The growing global movement towards universal health coverage (UHC) however provides an opportunity for health systems to address the issue of providing comprehensive health care services for all those who need them, including informal workers at an affordable cost. In order to achieve this, there is a need to understand the barriers that different population groups face in accessing health care services. But there is a dearth of studies examining the specific barriers that informal workers face even though they comprise the bulk of the working population in Ghana and in sub-Saharan Africa. In some cases, these workers are considered among the poor and assumed to face the same sets of barriers [12, 13]. Although, some of the problems poor people may face in accessing health care services may be similar to those faced by informal workers, the latter group encounters specific barriers related to the nature and context of their unstable employment and unfair working conditions [14, 15]. In this regard and in the context of UHC in Ghana; this study explored factors affecting informal workers’ access to health care services in the Kassena-Nankana Districts of Northern Ghana.
The study was exploratory using qualitative approach where Focus Group Discussions (FGDs) and In-Depth Interviews (IDIs) techniques were used to gather data. The study population was informal workers engaged in subsistence farming, hairdressing, casual work, beer bar attendants and female head-porters popularly known as “kayaye” in Ghana. Hairdressing, for instance, is a fast growing business that absorbs a large proportion of young ladies who are self-employed and with minimal education. Kayaye is a form of employment for unskilled and uneducated internal migrants mostly women from the northern part of Ghana in search of jobs . They usually carry goods and wares on the head for shoppers and traders in and around commercial centres for a petty fee. The kayaye have no regulated market and they face precarious working conditions that may have negative effect on their health. For instance, lifting heavy loads and travelling long distances with the loads. Subsistence farmers comprise a major group especially in rural areas where the bulk of the Ghanaian population resides and this thrives on the ancestral land ownership system. Causal workers are usually informal workers employed in the formal sector. This is a growing phenomenon in Ghana as these workers are hired for a short period of time without any signed contract and the nature of their work, including the uncertainties with which they work create several challenges that impact negatively on their health. Beer bar employment is also another growing area in the study area where young people are engaged by bar owners to provide services to customers for a petty monthly fee. These are mostly young girls who have completed their Senior High School education and for them to make a living, they are engaged casually to serve in these bars.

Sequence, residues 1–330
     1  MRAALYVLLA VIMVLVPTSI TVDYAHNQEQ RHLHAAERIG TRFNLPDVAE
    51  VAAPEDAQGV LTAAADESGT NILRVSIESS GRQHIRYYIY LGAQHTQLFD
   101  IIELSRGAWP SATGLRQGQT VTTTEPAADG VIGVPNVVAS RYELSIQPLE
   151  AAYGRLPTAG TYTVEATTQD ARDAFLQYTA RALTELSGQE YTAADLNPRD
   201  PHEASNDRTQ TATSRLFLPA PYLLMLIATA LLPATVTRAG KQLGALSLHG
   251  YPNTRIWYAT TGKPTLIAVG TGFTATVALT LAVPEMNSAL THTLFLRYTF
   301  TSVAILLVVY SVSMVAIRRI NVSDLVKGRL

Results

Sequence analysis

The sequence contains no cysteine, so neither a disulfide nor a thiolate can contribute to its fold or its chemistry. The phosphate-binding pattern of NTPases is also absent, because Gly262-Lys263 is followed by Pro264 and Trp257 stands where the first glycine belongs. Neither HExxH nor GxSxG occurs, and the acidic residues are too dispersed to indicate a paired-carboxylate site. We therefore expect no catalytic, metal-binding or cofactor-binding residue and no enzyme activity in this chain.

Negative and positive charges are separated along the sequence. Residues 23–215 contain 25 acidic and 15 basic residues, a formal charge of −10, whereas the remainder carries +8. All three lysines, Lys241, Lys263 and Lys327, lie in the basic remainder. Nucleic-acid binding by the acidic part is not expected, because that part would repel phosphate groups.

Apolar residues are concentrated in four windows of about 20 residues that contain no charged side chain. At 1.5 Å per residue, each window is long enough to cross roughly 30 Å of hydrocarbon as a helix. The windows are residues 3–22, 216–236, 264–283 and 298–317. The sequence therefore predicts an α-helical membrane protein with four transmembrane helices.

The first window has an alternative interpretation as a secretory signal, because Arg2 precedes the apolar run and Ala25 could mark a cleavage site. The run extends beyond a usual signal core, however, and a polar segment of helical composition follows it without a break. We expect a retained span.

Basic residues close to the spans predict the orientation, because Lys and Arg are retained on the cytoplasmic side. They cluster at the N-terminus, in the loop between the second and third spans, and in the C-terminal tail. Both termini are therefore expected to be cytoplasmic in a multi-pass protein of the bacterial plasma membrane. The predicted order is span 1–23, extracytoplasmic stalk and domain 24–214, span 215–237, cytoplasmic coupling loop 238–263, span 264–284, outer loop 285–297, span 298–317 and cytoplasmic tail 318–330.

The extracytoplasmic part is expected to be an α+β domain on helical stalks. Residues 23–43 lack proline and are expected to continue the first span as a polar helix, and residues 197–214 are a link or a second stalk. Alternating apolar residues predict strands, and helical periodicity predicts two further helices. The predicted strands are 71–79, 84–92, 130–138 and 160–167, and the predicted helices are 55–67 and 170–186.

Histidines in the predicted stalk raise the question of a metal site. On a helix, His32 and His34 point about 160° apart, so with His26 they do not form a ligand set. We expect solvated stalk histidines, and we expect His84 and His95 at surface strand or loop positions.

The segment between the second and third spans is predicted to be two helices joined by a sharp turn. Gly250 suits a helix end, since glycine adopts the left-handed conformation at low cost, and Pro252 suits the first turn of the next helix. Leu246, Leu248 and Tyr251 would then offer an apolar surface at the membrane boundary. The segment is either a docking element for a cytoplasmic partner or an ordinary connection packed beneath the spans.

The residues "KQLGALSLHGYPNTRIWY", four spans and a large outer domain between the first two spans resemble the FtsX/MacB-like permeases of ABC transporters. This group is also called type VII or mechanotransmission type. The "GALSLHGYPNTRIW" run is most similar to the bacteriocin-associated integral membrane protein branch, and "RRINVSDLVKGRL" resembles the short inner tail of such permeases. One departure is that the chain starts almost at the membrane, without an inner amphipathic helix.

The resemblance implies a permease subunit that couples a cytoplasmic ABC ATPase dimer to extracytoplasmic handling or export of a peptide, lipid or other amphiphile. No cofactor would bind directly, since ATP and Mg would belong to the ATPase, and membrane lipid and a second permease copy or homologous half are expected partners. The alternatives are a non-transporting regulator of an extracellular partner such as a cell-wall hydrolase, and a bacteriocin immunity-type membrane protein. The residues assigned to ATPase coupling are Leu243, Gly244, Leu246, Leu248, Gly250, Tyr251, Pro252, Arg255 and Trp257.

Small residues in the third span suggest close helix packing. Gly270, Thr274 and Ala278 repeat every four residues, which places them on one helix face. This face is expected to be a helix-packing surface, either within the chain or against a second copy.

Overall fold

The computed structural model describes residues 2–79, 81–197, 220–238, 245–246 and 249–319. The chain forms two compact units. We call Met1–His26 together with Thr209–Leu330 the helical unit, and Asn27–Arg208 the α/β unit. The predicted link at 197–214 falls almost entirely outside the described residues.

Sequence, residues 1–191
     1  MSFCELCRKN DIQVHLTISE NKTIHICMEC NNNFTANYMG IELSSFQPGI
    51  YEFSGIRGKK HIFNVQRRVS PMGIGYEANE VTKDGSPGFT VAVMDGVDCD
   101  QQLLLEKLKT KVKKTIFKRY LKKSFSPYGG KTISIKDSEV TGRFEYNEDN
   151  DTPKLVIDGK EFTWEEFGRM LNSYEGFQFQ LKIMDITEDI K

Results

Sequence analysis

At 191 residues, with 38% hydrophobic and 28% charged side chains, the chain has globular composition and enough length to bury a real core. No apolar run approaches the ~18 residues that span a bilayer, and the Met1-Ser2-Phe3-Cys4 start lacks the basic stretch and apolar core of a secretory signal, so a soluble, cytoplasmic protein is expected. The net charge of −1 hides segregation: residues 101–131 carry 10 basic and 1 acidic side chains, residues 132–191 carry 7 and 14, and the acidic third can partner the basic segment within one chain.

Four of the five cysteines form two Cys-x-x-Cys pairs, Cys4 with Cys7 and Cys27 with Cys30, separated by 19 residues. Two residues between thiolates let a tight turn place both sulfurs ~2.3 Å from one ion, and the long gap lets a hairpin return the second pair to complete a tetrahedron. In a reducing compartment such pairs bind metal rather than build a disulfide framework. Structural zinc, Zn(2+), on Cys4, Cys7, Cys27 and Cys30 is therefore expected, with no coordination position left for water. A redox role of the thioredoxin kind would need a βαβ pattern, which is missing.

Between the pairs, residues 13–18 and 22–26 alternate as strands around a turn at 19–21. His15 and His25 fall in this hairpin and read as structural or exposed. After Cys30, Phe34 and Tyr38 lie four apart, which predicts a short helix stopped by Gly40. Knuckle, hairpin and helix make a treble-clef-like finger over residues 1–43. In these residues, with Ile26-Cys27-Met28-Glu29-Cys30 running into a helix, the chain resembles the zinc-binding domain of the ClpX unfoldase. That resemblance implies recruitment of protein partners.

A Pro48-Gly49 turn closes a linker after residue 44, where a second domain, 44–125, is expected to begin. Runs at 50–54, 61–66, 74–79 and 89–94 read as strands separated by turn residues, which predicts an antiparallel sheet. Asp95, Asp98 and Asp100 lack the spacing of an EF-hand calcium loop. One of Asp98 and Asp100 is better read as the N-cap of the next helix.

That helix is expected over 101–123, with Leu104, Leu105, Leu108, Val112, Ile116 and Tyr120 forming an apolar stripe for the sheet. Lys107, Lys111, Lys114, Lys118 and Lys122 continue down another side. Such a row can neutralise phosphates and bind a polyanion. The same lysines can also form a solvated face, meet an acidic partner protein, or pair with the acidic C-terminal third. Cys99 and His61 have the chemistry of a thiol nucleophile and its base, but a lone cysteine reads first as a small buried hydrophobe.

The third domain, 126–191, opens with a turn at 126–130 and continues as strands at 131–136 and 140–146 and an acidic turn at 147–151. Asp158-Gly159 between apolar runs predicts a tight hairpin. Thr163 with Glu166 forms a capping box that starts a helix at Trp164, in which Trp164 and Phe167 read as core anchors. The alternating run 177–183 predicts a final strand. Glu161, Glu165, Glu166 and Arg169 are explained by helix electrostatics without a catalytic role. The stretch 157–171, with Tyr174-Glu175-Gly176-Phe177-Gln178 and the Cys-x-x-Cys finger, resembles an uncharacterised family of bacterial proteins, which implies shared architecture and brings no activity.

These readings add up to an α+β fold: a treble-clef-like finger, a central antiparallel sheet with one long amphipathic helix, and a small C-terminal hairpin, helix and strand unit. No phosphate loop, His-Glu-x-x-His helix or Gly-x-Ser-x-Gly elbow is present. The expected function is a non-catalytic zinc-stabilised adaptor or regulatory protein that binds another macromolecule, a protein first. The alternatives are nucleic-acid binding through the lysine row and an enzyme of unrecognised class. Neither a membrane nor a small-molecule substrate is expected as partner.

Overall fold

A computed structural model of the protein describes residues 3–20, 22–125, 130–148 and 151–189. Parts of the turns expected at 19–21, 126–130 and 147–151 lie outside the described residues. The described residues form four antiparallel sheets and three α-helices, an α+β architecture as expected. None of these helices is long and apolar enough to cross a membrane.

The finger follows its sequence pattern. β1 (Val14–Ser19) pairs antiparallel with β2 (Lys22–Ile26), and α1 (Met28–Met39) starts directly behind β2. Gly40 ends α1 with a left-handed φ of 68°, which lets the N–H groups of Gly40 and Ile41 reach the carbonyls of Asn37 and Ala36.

The FGDs and the IDIs with subsistent farmers, casual workers and the hairdressers were conducted in the Kassena-Nankana East and West Districts (KNEWDs) while the FGDs with “kayaye” were conducted in the urban area, Accra Metropolitan in Southern Ghana. This was done because kayaye are not found in rural areas in Ghana. Study participants shared their views on factors affecting their access to health care services and suggested ways to improve access to health care services.
The primary site for this study is rural Kassena-Nankana East and West Districts of Northern Ghana. The districts cover an area of 1675 km2 of Sahelian savannah with a population of about 153,000 people . The main languages spoken in the area are Kasem and Nankani. The population is predominantly rural with subsistence farming as the mainstay of the districts’ economy. People live in multi-household compounds in these districts. There are two distinct seasons; the raining season which spans from May to October with the rest of the year being dry. The main health problem in the area is malaria with the highest transmission period occurring between June to October [18, 19].
The districts have one hospital, eight health centers, two private clinics, which provide curative and preventive health care services to community members. There are about 28 Community-based Health Planning and Services (CHPS) compounds located in various communities and providing reproductive health services and treatment of minor health conditions . The district hospital located in Navrongo Township serves as a referral point for all health facilities operating in the two districts.
Training of data collectors
Two university graduates with experience in conducting qualitative interviews were recruited and trained for data collection. The training covered areas such as the purpose of the study and qualitative interviewing techniques. Role plays were done during the training session to help data collectors understand the interview guides. A pre-test was also conducted at the end of the training. The essence of the pre-test was to help evaluate the performance of data collectors and also help the study team finalize the interview guides before the actual data collection.